Tuesday, 4 October 2016

Why We Couldn't Do Everest Base Camp

Our first attempt to do Everest Base Camp (EBC) was unsuccessful - all because we couldn't fly into Lukla which is the starting point of the trek.

Here's a recap of what happened:

We flew Malindo Air from Kuala Lumpur and landed in Kathmandu on 16 September 2016 at around 9.30pm.

We stayed at the pleasant and cosy Hotel Yambu during our stay in Kathmandu.

The next morning (17 September 2016) we met up with Raj the owner of the tour agency and paid him the package fees for the entire EBC trek which covers accommodation, meals, return flights to Lukla, guide, porter, etc. In our conversation with him, he mentioned that the weather has not been good. However he confidently assured us that we will be able to fly to Lukla the next day.

With this assurance, we spent the rest of the day shopping for gear and clothing in Thamel. I managed to buy a nice stretchy trekking pants for NPR2,000.

There're various shops in Thamel selling all sorts of trekking gear and souvenirs too.

On the morning of 18 September 2016, we woke up to grey and gloomy skies. And then the heavens opened and it rained heavily. My heart sank - I knew we won't be able to make it. True enough, we didn't even need to go to the Tribhuvan International Airport (where flights to Lukla depart) as Raj just need to call up Lukla Airport to see whether it's opened.

In case you're wondering why the pilots are so poorly skilled that they can't land a plane at Lukla Airport in a little rain, let me share with you the reason. You see, Lukla Airport (also known as the Tenzing-Hillary Airport) is situated in a valley surrounded by mountains. According to Wikipedia, its runway is only 527m long! The History Channel, in a 2010 programme titled Most Extreme Airports, had rated Lukla Airport as THE most dangerous airport in the world!

Whenever it rains, the weather gets misty and foggy which makes it difficult for the pilot to fly the plane to Lukla, let alone land it at the airport. So to avoid hitting a mountain or something, they will just close the airport and cancel all flights in bad weather.

Raj was still hopeful that the weather will improve and that the Lukla Airport will reopen. So he told us to be on standby till 12 noon. Apparently flights to Lukla even go till 4pm if the weather improves. Kathmandu may be bright and sunny but if Lukla is misty and foggy, it's still a no go. So we kept our fingers crossed.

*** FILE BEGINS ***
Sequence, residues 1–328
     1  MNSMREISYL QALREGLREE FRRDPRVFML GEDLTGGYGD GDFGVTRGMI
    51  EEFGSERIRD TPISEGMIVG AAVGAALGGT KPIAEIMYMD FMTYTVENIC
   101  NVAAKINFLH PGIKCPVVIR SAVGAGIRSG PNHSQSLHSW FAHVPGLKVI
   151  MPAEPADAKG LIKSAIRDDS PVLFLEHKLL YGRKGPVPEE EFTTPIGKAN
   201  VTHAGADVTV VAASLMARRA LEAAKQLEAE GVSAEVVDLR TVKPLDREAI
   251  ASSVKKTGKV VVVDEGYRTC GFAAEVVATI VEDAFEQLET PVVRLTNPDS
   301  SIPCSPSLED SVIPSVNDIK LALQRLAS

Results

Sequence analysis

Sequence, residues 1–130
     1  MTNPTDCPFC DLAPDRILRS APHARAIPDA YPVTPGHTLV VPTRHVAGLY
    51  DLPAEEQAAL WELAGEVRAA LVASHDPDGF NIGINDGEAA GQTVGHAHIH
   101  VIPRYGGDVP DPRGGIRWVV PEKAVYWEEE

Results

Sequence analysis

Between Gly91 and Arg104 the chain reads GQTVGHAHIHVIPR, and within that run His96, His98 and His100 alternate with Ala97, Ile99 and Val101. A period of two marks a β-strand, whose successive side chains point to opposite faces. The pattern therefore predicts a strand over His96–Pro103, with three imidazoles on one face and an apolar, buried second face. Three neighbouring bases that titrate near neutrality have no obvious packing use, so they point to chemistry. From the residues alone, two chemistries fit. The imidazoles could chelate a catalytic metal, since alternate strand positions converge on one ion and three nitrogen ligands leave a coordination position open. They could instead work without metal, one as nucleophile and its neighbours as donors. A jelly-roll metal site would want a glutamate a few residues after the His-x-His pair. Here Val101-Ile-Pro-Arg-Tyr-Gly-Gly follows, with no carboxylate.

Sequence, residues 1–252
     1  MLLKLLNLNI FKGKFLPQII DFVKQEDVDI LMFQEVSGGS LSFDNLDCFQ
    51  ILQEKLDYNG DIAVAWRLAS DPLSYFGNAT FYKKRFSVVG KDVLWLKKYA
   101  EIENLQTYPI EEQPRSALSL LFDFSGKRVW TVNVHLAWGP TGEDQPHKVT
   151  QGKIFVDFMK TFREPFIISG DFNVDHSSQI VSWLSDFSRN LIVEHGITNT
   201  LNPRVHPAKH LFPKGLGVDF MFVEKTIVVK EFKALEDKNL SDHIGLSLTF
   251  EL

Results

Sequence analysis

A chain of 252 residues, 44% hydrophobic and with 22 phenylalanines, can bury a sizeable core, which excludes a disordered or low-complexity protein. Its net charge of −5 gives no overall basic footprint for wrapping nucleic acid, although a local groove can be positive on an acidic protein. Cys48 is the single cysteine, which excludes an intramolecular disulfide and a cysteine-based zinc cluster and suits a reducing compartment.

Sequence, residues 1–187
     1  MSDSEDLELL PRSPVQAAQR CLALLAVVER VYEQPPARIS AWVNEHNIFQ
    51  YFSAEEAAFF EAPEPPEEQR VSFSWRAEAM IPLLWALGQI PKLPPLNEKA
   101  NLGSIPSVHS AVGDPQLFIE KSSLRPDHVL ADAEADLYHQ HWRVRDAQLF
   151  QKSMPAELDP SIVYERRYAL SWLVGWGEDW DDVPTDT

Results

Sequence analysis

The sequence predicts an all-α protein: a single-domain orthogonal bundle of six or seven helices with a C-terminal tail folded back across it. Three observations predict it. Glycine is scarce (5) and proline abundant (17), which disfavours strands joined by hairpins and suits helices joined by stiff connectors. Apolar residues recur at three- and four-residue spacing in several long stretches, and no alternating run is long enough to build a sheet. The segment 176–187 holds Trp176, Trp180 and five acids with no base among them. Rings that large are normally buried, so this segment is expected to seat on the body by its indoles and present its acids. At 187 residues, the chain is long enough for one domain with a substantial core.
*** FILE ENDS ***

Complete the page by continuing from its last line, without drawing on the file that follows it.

By 12 noon there was still no sign of Lukla Airport reopening and I was already losing hope.
After lunch Raj broke the bad news to us - that Lukla Airport will be closed for the whole day. He also informed us that he was unable to get tickets for us the following day, i.e. 19 September 2016. Apparently Lukla Airport was closed the entire week before we arrived in Kathmandu. So imagine the backlog of travellers who would have been waiting for their flight to Lukla.

Raj was able to get tickets for us on 20 September 2016. However there's still no assurance that the weather would be good on that day. Moreover flying out on 20 September would mean that we would have lost our 2 buffer days for acclamatisation in Namche Bazaar and Lobuche, which is relatively a big risk.

At that point we decided that instead of working with moving dates and with so many uncertainties, we decided it's best to let EBC go and do another trek instead.

Alas, all the training, planning and money invested in the past 2 years aiming for EBC have become wasted effort.

Honestly, if I had been travelling alone, I would have asked for a refund from Raj and return home to Kuala Lumpur earlier.


1) Because this was already my third time in Nepal (was here in 2012 and 2014) and I had already seen the majestic mountains that Nepal has to offer (eventually all mountains will begin to look the same, just like temples and churches); and

2) Because my main aim of going to Nepal in 2016 was to do EBC and nothing else. So since we couldn't fly to Lukla, might as well cut my loses and save the money to do EBC at another time, or save the money for another trip. I didn't want to spend money to do another trek just because I was already in Nepal.

But alas, there were 3 of us - one loves trekking and was really enthusiastic to do another trek despite being her third time in Nepal too. The other person was his first time in Nepal. I couldn't abandon them, it had to be a group decision and the group decided to trek to the Langtang region instead, which we did.

Will I attempt to do EBC again?

Well, the dream has been buried temporarily. If I decide to do EBC again, I'll attempt to do it via Tibet to eliminate the risk of not getting into Lukla Airport. And also because I've never been to Tibet.

In my next posts, I'll share with you how to time and plan your EBC trek. Stay tuned ...


Jipp Jippsy said...

Too bad. I think a friend of mine went there earlier than you guys by a few days and had to go to ABC instead due to bad weather. This is one of the drawbacks of planning a trip to EBC esp for those who have non-flexi number of days in Nepal. Never lose hope though.

Julie Lim said...

I still have hope of doing EBC one day. But I think it's best done by people who can afford to spend an indefinite amount of time in Nepal just to do EBC.

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